Tour of Britain 2016 Preview: Stage Three, Congleton to Tatton Park - 179.4km

British Cycling's premier road cycling event will visit Cheshire East for the first time in the Tour of Britain's history on Tuesday 6 September in a stage that is expected to end in a bunch sprint.

Tour of Britain 2016 Preview: Stage Three, Congleton to Tatton Park - 179.4km
Tatton Park will host the finish of the first ever Tour of Britain stage to visit Cheshire East. (Image: Tatton Park)

British Cycling's premier road cycling event will visit Cheshire East for the first time in Tour of Britain history on stage three of this year's race as a star-studded peloton will take on a tightly wound route within the Borough.

Etixx-Quickstep's Julien Vermote will be hoping to retain the leader's jersey after topping the general classification with a stage victory on stage two, while there are points to be won on the stage's three immediate sprints and king of the mountains points.

A bunch sprint expected despite demanding stage

The first ever stage to be hosted in Cheshire East starts in the market town of Congleton, before the route winds its way through the Borough's villages and towns, including intermediate sprints in Alsager and Sandbach. From the second sprint the route weaves north towards the first passage of the finish line in the heart of Tatton Park, Knutsford

After passing through the historic estate, the riders will set out on a large loop, featuring an intermediate sprint and king of the mountains point in Alderley Edge and the ascent of Brickworks. The peloton will then tackle the ten-kilometre climb of the Cat and Fiddle to reach the highest point of this year's race.

The final 50 kilometres of the stage are then downhill or flat as the riders race back through Knutsford to the finish line in Tatton Park for what is expected to be a bunch sprint following the fractures of the peloton into the finish in Kendal on stage two.

Stage Three is the first ever Tour of Britain stage to be hosted in Cheshire East. | Photo: Tour of Britain
Stage Three is the first ever Tour of Britain stage to be hosted in Cheshire East. | Photo: Tour of Britain

One's to watch

Although this is a thoroughly demanding stage, the descent and long flat stretch of kilometres after the climb of the Cat and Fiddle should see a regrouping and a bunch sprint finish. If so, expect a fiercely contested sprint as most of the world's best sprinters are in Britain to contest the eight stages.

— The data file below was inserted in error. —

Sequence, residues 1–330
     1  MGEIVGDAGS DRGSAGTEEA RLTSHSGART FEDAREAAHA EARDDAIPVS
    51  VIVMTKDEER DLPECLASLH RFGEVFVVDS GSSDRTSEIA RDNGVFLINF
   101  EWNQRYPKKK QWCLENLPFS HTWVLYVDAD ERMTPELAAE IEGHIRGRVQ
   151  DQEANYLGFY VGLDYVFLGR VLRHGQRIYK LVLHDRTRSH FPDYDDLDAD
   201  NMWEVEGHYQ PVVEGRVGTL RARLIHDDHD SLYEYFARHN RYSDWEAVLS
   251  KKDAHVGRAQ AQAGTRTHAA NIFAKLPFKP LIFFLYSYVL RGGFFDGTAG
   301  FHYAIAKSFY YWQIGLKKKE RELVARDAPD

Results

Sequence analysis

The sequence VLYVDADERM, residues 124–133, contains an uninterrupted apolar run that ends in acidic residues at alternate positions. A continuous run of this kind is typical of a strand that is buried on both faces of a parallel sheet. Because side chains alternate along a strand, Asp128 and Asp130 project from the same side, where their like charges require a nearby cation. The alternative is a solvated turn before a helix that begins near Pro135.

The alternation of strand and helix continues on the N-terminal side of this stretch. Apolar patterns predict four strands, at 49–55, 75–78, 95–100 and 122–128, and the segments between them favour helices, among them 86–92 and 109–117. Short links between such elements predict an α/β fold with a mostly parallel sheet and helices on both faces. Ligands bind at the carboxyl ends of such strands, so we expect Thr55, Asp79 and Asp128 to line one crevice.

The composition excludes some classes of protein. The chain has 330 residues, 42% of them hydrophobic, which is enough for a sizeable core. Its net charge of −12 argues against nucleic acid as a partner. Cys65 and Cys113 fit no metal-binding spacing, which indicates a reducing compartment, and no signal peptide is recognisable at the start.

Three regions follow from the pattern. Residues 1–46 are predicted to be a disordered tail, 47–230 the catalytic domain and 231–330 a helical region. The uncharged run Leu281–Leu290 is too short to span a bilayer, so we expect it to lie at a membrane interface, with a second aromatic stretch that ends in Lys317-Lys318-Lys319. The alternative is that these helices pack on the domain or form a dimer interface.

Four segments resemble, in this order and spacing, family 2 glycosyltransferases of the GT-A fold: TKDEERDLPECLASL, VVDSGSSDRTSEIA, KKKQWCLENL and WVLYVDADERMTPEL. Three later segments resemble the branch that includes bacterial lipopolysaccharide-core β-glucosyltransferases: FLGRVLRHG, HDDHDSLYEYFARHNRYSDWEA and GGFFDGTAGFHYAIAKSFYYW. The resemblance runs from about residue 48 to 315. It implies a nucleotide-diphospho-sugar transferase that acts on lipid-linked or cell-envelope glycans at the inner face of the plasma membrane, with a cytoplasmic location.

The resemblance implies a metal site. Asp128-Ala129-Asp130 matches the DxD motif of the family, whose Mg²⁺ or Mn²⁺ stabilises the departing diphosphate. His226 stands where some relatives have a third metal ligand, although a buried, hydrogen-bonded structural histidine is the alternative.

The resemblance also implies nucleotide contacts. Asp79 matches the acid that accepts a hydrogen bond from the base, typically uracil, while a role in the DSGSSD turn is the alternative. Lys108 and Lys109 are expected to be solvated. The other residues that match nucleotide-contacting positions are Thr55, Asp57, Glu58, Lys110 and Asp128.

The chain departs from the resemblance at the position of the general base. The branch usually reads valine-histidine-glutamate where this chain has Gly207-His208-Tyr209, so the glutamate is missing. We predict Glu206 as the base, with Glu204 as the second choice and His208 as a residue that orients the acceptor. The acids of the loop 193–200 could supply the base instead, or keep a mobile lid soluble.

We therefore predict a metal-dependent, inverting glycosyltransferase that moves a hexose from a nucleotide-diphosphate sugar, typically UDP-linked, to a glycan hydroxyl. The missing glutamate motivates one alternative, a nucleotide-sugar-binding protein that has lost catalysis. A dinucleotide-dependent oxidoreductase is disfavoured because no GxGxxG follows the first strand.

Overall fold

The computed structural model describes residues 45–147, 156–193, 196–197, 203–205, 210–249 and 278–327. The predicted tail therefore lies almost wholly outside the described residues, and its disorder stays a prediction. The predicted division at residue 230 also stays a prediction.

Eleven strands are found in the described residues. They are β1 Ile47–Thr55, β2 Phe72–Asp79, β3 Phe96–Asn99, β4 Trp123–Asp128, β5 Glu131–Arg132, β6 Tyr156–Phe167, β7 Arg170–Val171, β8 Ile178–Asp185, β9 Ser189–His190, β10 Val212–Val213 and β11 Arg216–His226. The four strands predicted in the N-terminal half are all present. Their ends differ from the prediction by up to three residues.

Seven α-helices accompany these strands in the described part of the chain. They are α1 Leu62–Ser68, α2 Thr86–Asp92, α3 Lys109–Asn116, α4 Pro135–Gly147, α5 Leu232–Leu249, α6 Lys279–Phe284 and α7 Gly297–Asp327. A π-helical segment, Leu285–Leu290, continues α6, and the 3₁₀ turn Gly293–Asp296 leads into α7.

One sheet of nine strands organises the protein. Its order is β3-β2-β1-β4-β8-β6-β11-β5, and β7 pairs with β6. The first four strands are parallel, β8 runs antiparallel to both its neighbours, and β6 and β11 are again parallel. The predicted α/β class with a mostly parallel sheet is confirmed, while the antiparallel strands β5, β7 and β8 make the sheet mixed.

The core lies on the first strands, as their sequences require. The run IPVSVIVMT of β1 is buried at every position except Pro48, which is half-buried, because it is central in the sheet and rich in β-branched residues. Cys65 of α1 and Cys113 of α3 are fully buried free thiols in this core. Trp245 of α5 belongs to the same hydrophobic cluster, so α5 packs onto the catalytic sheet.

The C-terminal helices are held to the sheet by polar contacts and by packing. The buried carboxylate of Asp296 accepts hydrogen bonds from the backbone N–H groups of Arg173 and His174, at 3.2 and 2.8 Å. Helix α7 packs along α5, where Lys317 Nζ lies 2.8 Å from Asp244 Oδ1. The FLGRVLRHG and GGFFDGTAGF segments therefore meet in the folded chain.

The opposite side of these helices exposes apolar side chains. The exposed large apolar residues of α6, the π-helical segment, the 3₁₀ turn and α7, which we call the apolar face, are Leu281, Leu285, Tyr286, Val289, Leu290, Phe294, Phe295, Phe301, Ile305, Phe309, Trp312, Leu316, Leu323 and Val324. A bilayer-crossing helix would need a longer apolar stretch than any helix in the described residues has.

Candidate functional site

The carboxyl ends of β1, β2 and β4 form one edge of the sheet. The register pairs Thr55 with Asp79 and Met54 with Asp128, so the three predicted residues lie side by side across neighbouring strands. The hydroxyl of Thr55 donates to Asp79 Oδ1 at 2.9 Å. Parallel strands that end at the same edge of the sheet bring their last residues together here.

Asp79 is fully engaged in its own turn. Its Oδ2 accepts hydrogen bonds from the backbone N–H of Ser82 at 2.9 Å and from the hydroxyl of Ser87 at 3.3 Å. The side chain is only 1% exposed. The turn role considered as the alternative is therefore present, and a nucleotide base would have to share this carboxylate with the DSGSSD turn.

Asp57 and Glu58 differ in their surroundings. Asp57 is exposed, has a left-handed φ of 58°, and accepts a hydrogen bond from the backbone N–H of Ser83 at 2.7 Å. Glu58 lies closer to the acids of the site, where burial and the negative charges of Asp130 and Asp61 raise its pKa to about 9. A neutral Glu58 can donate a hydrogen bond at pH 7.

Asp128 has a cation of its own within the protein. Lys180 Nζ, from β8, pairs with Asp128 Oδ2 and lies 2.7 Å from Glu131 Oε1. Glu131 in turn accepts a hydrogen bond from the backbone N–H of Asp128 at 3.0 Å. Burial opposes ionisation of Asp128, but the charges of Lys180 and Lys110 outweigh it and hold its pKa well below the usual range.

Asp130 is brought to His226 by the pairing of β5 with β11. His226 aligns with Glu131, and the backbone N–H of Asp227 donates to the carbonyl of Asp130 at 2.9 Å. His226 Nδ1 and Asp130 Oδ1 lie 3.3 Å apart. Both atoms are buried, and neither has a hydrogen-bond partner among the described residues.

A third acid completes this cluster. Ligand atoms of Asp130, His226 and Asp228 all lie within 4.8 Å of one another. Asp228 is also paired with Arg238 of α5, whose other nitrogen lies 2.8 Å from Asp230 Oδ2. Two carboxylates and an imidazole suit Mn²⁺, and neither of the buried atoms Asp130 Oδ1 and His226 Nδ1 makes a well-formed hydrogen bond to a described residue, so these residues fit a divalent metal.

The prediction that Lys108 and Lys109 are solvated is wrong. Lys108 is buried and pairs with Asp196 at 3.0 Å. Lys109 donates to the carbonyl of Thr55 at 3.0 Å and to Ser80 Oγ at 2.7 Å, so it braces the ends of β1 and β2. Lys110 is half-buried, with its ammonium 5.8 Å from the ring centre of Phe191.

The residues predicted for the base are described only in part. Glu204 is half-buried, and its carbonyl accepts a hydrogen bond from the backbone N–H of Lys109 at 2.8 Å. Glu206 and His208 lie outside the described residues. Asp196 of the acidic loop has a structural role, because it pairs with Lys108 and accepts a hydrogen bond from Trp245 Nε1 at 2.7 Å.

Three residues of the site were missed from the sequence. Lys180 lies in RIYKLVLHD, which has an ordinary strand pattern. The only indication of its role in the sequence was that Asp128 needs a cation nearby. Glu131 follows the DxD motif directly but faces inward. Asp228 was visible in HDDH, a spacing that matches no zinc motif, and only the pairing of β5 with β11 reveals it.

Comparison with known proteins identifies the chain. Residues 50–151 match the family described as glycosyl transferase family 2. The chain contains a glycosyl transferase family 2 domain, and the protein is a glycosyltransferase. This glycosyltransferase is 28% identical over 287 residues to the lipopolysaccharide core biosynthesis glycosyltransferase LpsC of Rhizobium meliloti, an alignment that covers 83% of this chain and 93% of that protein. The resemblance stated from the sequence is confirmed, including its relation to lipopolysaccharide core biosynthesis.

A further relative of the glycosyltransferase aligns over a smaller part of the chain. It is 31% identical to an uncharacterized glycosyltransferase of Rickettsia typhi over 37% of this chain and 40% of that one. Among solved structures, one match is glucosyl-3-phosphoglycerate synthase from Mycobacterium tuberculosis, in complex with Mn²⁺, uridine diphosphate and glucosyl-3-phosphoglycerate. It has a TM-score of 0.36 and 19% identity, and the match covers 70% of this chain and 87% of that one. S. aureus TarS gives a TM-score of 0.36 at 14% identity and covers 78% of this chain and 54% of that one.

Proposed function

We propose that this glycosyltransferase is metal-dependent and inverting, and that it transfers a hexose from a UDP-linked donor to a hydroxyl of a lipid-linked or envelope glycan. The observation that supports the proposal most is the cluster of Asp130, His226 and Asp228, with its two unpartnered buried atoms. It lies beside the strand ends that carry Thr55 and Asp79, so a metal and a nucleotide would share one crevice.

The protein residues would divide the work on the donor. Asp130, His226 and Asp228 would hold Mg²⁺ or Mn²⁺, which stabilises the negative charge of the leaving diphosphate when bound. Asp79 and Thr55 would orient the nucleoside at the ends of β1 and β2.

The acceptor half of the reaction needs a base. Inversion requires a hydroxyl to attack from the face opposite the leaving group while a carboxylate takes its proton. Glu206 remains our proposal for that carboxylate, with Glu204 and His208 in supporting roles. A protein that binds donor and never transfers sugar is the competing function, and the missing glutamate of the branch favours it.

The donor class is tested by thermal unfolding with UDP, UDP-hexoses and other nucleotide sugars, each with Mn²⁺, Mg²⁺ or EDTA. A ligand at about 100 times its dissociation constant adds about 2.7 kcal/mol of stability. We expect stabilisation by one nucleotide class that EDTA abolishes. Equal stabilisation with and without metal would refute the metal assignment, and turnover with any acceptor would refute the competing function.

Andre Greipel (Lotto Soudal) will be looking to add to his stage victory in Castle Douglas on stage one, while Mark Cavendish (Dimension Data) will be hoping to better his rival in Tatton Park after crashing on the final bend on stage one. There is also Caleb Ewan (Orica-BikeExchange), Elia Viviani (Team Sky), Giacomo Nizzolo (Trek-Segafredo), Dylan Groenewegen (LottoNL-Jumbo) and British rider Dan Mclay to add to the mix.

Despite stage three expected to end in a bunch sprint, do not rule out a breakaway trying to use one of the three climbs as a catalyst for an attack to launch a long-range effort to the finish. Steve Cummings (Dimension Data) specialises in solo attacks and, with the British rider just six seconds behind race leader Julien Vermote, Cummings could try and launch a long-range effort seeking to claim bonus seconds at the stage's intermediate sprints.

Andre Greipel (Lotto Soudal) posts a victory salute after winning stage one in Castle Douglas. | Photo: Tour of Britain
Andre Greipel (Lotto Soudal) posts a victory salute after winning stage one in Castle Douglas. | Photo: Tour of Britain

Places to watch

Most of the towns on the route have been celebrating the Tour's arrival with lots of golden bicycles or entire stretches of creatively coloured bikes too, and an array of family fun day activities. As the starting town, Congleton offers spectators a great chance to see the riders close-up as they warm-up for the 179.4km ahead of them, before they sign on at the start podium.

The towns of Sandbach and Alsager host the stage's first two intermediate sprints inside the first 51.5km, while Alderley Edge hosts both the third and final intermediate sprint along with the first king of the mountain point of the day. The climbs of the Brickworks and Cat and Fiddle are popular ascents and are no doubt going to draw in the crowds as the riders look to add more points to their king of the mountains points tally and use the climbs as a catalyst for attacks.

Tatton Park offers spectators a chance to see the race twice as the peloton passes the line for the first time after 80km, before hosting the stage finish later in the afternoon. The estate will also be a fanzone with a big screen showing live coverage of the race.